Night Out brings north Nashville neighbors together

Tuesday, August 3, 2010 at 11:27pm

Just north of downtown, not a week after police arrested a 14-year-old suspect in the murder of another 14-year-old, residents from four neighborhoods joined to stand against crime.

Residents from the Germantown, Hope Gardens, Buena Vista and Salemtown neighborhoods gathered Tuesday night at the corner of Jefferson Street and Rosa L. Parks Boulevard to network with police, firemen and council members for National Night Out.

Similar events took place at various locales around Nashville as part of the city’s 16th year to participate in the national event.

At the North End neighborhoods event, Jason Powell, president of the Hope Gardens Neighborhood Association, and District 19 Councilwoman Erica Gilmore acknowledged the work of the Central Precinct for being named Precinct of the Year for 2009 in June.

But in accepting the praise, Central Precinct Cmdr. Damien Huggins alluded to “recent tragedies,” one of which left 14-year-old Vincent Lewis dead in early July and another 14-year-old facing a homicide charge after his mother turned him over to police last week.

He asked the neighbors to stand with the police department to fight crime and keep an eye on their community as only they can.

“If y’all refuse to accept it in your community, we’ll be standing there beside you to make sure that it goes away,” Huggins said.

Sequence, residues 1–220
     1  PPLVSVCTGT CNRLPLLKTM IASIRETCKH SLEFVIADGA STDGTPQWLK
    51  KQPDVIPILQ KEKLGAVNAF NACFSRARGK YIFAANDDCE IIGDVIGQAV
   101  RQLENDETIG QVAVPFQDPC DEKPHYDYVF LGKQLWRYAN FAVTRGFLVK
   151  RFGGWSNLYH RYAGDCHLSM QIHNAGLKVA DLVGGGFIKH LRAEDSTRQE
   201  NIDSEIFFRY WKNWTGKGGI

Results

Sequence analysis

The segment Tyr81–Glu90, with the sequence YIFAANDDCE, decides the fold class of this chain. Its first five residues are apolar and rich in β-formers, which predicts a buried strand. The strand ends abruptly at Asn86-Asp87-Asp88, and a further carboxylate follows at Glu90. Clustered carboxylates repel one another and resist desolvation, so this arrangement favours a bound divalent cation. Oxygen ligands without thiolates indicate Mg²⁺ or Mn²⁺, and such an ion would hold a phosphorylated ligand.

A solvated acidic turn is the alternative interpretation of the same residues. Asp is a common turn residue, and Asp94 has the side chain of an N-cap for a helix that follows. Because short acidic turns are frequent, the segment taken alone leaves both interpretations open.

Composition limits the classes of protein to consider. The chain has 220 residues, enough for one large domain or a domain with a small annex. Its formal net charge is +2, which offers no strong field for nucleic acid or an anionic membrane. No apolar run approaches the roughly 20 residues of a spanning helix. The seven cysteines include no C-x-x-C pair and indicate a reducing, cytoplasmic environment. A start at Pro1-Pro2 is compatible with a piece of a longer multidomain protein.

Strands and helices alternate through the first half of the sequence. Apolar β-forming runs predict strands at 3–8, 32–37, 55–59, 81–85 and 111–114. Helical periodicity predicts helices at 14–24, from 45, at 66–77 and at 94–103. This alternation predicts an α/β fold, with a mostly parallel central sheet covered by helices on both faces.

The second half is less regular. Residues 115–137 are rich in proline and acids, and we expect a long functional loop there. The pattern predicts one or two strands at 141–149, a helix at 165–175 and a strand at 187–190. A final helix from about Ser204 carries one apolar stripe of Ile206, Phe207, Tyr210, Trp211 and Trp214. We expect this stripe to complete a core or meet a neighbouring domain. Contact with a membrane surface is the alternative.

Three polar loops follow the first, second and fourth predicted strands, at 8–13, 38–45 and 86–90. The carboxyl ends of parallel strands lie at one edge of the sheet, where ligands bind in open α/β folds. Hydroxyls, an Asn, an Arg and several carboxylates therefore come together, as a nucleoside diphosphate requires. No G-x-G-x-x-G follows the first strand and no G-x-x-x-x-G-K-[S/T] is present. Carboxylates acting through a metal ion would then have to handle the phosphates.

Janeen Griffin, of Fourth Avenue North in Salemtown, said the night was about “rallying around the community and really creating a safer community where we are truly connected … where we look out for one another, keep each other informed and really try to tackle any bad elements that may arise.”

Griffin said the drop in the Central Precinct’s overall crime is a reflection of the neighborhoods’ being proactive in reaching for the phones when they suspect criminal activity.

Huggins told The City Paper the National Night Out was more than anything about promoting interaction and communication among the different neighborhood and public safety groups.

Looking at the crowd — about 30 or so neighbors most of them in their mid-30s, several with children — gathered for the evening, Huggins said when that many extra people are dedicated to watching over their community and don’t hesitate to call police over any suspicion it’s like adding so many sets of eyes and ears to the police force.

“There’s not a better system than including a community in crime fighting.”